People are crying tears of joy over this news. The country of Cuba is in a MANDATORY mourning period (yay communism) but just looking at how Cubans in the US are celebrating. If the people of Cuba had freedom, just think about what they would be doing right now.
Longtime Cuban leader Fidel Castro, the bearded, cigar-smoking Communist revolutionary who infuriated the United States, inspired both loyalty and loathing from his countrymen and maintained an iron grip on Cuban politics for almost 50 years, died Friday. He was 90.
Hours after his death President Obama issued a statement, saying that at “this time of Fidel Castro’s passing, we extend a hand of friendship to the Cuban people.”
“We know that this moment fills Cubans – in Cuba and in the United States – with powerful emotions, recalling the countless ways in which Fidel Castro altered the course of individual lives, families, and of the Cuban nation” Obama said. “History will record and judge the enormous impact of this singular figure on the people and world around him.”
Castro, the only leader most Cubans ever knew, outlasted 11 US presidents since he first took power in 1959.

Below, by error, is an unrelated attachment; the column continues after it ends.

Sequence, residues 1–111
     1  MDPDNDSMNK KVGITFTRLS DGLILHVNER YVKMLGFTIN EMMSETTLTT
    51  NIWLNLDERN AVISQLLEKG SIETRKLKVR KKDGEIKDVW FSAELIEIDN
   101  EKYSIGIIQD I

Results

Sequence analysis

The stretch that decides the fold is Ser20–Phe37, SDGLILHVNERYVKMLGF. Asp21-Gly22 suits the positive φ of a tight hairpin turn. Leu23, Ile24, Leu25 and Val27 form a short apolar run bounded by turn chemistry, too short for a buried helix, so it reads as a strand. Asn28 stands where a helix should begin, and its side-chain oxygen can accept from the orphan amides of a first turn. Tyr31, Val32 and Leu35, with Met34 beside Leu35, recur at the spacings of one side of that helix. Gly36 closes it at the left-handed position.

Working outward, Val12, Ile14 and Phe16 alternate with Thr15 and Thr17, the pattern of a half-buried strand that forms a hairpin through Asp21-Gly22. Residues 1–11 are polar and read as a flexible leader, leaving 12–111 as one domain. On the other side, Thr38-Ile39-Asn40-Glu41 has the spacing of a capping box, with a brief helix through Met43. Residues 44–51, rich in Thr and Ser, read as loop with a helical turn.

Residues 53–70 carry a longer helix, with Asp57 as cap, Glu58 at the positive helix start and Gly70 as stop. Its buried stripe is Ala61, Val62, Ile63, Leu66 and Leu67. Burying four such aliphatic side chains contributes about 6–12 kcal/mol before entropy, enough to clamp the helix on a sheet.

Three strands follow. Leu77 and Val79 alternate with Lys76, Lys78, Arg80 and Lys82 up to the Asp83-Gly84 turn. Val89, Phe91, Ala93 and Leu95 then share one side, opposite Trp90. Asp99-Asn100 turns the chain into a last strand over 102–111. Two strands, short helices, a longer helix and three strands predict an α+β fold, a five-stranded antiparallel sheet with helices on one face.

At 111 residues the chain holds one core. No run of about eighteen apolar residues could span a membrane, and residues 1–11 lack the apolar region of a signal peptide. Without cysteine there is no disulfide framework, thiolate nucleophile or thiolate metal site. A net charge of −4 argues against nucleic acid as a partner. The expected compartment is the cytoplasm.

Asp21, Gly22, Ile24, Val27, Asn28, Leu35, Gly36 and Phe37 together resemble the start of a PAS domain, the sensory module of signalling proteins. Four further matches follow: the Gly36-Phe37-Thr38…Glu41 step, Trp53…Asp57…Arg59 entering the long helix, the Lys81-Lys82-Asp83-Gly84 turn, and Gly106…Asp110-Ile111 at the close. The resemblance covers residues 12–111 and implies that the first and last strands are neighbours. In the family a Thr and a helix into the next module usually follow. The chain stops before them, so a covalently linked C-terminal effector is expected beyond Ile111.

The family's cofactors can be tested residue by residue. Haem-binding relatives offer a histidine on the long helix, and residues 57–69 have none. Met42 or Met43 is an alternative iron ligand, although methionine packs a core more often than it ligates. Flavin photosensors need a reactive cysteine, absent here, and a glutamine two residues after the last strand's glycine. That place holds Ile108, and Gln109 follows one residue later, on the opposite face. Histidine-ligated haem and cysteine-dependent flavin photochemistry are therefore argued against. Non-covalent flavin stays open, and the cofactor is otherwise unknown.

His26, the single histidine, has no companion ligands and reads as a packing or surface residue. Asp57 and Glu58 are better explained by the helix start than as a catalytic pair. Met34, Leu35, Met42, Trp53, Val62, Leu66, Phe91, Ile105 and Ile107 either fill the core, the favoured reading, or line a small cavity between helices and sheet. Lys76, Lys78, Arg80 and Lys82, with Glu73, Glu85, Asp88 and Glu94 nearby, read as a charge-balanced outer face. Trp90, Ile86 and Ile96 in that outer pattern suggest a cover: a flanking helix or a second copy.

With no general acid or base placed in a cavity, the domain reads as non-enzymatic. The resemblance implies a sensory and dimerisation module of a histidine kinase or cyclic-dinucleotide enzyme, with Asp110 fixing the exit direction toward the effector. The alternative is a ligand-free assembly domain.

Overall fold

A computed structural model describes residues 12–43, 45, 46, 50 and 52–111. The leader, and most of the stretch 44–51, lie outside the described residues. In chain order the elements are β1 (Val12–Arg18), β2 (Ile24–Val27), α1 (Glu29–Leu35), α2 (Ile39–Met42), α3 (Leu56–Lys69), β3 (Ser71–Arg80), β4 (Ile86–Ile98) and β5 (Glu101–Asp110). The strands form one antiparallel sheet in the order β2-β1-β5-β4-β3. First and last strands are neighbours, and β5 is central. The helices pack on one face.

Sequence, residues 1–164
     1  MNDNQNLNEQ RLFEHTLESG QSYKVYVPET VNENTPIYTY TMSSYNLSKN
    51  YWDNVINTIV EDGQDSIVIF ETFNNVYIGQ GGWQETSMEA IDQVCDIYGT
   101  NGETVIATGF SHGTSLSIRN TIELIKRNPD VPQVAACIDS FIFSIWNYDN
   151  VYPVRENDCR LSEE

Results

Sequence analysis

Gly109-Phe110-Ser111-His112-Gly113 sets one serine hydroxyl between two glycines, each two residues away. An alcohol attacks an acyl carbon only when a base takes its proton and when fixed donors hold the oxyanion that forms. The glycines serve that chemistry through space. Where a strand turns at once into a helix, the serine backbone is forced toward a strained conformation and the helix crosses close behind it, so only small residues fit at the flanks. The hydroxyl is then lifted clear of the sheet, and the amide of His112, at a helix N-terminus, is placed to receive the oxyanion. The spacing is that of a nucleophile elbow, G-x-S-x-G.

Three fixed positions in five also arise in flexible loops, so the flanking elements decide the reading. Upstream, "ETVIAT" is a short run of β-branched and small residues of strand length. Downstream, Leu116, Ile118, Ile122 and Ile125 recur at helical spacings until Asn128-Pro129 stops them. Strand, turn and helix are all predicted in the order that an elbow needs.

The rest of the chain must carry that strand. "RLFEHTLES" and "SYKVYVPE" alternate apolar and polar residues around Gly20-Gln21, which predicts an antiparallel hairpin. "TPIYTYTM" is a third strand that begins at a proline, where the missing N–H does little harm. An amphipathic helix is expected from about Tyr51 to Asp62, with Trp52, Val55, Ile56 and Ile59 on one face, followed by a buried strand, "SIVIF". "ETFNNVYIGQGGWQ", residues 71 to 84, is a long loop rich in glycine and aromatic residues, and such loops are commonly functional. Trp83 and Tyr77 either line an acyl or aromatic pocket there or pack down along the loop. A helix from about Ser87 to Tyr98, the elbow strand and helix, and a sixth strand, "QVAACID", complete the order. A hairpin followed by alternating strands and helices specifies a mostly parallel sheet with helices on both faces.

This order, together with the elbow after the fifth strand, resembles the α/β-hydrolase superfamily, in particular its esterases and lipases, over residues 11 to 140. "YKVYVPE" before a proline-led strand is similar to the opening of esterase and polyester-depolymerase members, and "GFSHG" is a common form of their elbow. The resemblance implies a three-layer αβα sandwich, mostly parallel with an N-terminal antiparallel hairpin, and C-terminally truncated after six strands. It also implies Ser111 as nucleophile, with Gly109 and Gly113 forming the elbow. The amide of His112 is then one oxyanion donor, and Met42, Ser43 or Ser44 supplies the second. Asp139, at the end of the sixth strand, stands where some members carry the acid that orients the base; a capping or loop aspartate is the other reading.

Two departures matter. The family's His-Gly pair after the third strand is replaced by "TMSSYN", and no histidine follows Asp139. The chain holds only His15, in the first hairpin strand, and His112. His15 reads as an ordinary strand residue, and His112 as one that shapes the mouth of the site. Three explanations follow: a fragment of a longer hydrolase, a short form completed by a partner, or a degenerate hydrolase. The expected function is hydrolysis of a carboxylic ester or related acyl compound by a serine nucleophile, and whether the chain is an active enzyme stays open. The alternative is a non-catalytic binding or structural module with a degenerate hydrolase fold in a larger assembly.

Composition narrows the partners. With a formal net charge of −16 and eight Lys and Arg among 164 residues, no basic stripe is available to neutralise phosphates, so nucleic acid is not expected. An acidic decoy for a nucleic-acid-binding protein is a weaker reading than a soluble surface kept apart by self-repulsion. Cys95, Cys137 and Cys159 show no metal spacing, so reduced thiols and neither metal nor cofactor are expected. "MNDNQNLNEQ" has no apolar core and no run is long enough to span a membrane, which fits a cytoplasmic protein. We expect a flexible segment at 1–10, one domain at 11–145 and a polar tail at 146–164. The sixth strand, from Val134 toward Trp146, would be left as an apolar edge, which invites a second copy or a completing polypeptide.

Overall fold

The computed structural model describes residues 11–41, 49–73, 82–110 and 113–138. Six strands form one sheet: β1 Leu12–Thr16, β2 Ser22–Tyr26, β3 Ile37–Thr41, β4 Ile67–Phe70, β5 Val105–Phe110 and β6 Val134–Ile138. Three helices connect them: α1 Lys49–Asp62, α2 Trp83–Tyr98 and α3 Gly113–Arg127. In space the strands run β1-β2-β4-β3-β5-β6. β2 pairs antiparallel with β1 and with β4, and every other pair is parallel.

Castro’s health had declined in recent years but not enough to stop him from spewing his anti-American rants, almost until the end.
In October, 2014, Castro reprinted a New York Times editorial in state-run media that argued that the U.S. embargo on Cuba should end. The editorial ran almost verbatim, omitting one line about Cuba’s release of political prisoners.
Two years earlier he wrote an opinion piece for a state-run media outlet in which he branded the Republican presidential primary race “the greatest competition of idiocy and ignorance” the world has ever seen.
And just to show how much his volatile presence lingered in American politics, despite officially handing over power to his brother Raul in 2008, Castro was the subject of a question during a Republican candidates’ debate in Tampa, Fla. the same month the piece ran.
When Mitt Romney was asked what was the first thing he would do as president if he found out Castro was dead, he replied, “Well first of all, you thank heavens that Fidel Castro has returned to his maker and will be sent to another land.”
When it was his turn to answer, Newt Gingrich said, “I don’t think that Fidel is going to meet his maker. I think he’s going to go to the other place.”
The lawyer, revolutionary and political leader who triggered such visceral reactions was born August 13, 1926 out of wedlock to a Cuban sugar plantation owner and a servant in his home. (They eventually married.) He was not formally recognized by his father until he was 17, when his surname was changed to Castro from Ruz, his mother’s name.